Answers to yourestate planning questions.
Hello Dennis,My father in law appears to be getting dementia and his son needs to make decision. He lease an apartment and he wants his son to be able to make decision regarding rental, handling his bank accounts and medical issues.
Will a Durable power of attorney be enough. Or does he need to be a Conservator?
Thank you for your time.
Dear L.B.:If your father-in-law has sufficient mental capacity at this time to execute a financial power of attorney, that would be an excellent solution to allow his son to be able to assist him with his finances. He should also consider an Advance Health Care Directive and HIPAA Authorization Form if he would like his son to be able to assist with medical and personal decisions like where he lives when he no longer has capacity to make these types of decisions himself. The level of mental capacity needed to execute a financial power of attorney is the same as enter into a contract. This means that your father-in-law would have to understand the extent of his wealth and that by executing the power of attorney he is allowing his son to assist him with his finances. The level of mental capacity needed to execute an Advance Health Care Directive is the amount of understanding needed to understand medical procedures and consent to medical treatment.
A conservatorship is appropriate for these types of situations, but if his father still has sufficient mental capacity to execute a power of attorney and advance health care directive, they are much less expensive solutions to the problem.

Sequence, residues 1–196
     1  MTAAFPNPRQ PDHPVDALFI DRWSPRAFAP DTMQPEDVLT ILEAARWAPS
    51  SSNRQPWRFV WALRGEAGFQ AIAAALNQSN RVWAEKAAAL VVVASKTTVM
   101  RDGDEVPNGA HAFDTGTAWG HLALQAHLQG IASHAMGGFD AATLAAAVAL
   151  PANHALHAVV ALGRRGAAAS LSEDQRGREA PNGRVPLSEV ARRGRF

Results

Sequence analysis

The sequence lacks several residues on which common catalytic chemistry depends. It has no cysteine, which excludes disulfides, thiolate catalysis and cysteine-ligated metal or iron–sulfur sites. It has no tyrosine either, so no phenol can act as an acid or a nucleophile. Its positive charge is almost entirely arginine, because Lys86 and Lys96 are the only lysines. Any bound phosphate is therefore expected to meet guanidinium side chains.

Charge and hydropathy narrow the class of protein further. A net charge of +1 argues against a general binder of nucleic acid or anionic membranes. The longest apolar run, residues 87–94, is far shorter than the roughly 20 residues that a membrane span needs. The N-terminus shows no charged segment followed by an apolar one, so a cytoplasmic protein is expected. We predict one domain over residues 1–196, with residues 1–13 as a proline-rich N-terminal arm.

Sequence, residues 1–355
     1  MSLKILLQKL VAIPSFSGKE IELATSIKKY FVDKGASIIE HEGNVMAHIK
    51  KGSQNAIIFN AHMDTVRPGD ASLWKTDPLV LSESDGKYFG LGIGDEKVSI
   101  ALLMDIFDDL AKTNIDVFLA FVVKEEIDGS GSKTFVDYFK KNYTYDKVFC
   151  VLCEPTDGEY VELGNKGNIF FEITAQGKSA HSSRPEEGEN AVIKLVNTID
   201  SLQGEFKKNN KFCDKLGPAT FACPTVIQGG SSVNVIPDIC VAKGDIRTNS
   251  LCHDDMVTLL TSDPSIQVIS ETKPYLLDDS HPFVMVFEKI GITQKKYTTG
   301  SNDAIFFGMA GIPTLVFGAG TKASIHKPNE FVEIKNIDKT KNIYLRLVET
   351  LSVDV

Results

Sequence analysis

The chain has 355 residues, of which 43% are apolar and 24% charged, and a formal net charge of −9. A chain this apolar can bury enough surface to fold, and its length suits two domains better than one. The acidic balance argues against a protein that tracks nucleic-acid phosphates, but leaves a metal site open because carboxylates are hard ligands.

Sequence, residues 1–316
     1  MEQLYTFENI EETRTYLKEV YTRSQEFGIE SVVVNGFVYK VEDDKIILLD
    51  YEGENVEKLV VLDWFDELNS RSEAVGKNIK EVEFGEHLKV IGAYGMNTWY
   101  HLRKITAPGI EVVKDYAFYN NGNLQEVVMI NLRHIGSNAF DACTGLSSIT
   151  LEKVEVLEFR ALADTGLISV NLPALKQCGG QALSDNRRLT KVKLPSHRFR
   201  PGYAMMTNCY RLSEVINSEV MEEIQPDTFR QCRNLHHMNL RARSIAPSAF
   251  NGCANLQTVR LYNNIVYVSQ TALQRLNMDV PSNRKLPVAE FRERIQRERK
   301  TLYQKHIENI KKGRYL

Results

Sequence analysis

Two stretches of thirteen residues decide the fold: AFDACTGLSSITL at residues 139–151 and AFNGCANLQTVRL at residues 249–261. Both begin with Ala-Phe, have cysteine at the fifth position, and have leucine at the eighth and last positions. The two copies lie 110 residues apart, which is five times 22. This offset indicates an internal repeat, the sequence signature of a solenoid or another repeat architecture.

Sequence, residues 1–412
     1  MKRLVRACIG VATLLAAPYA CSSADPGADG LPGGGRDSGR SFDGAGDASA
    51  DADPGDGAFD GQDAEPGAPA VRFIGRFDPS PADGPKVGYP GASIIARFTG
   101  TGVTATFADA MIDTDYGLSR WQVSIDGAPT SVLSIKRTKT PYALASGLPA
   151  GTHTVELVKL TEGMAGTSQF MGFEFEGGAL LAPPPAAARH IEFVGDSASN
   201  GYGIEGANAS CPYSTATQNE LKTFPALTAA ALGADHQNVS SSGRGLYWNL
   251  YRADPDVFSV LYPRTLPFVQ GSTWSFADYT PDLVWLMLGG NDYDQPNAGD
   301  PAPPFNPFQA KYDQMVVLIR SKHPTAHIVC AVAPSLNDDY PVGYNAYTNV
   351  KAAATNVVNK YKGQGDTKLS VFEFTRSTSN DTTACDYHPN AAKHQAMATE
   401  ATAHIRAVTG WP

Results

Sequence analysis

Thank you for taking the time to submit your question and for assisted your husband with providing assistance for his father. Contact us at 951-787-7711 if you would like to schedule an appointment for your father-in-law to discuss his estate planning options.
Riverside Estate Planning Lawyer Dennis Sandoval
My sister and I are joint power of attorney for an incapacitated aunt. Her condo will be going up for sale. My sister sold and donated some of her house items, jewelry and furniture. She and my mother took the money for what was sold. Are they entitled to this? Doesn’t the money need to go into my aunt’s bank account? If they kept the items from her house like jewelry are they allowed? If they don’t sell it what do they do with it? Also, I am the executor of the will but I don’t think it relates to this issue.
Thank you for your question about powers of attorney and your duties as agent.
You are correct that your sister and mother should not have kept the money from the sale of the personal property. It should have been deposited in your aunt’s bank account. An agent under a power of attorney is a fiduciary, meaning that you owe total loyalty to the person you are acting on behalf of and are to avoid conflicts of interest where possible. You are definitely prohibited from benefiting from the income and assets of the principal and you are not supposed to co-mingle your assets with your aunts. So your mother and sister should return that money and deposit it into her bank account where it should be used solely for your aunt’s benefit while she is alive.
If they also removed personal property like jewelry, they need to return that also. If you aunt still has mental capacity, she can designate where she wants it to go now. If not, you should hold on to the jewelry and disburse it upon your aunt’s death according to what her Will says. If your aunt runs out of funds and it is necessary to sell the jewelry in order raise money to support her, you should do so.
You can go here for more information about powers of attorney. If you need more assistance with fulfilling your duty as power of attorney agent for your aunt, you can call the office of Riverside estate planning attorney Dennis M. Sandoval to schedule an appointment to discuss your situation. The number to call is 951-787-7711.
Dennis M. Sandoval
Riverside, California estate planning and elder law attorney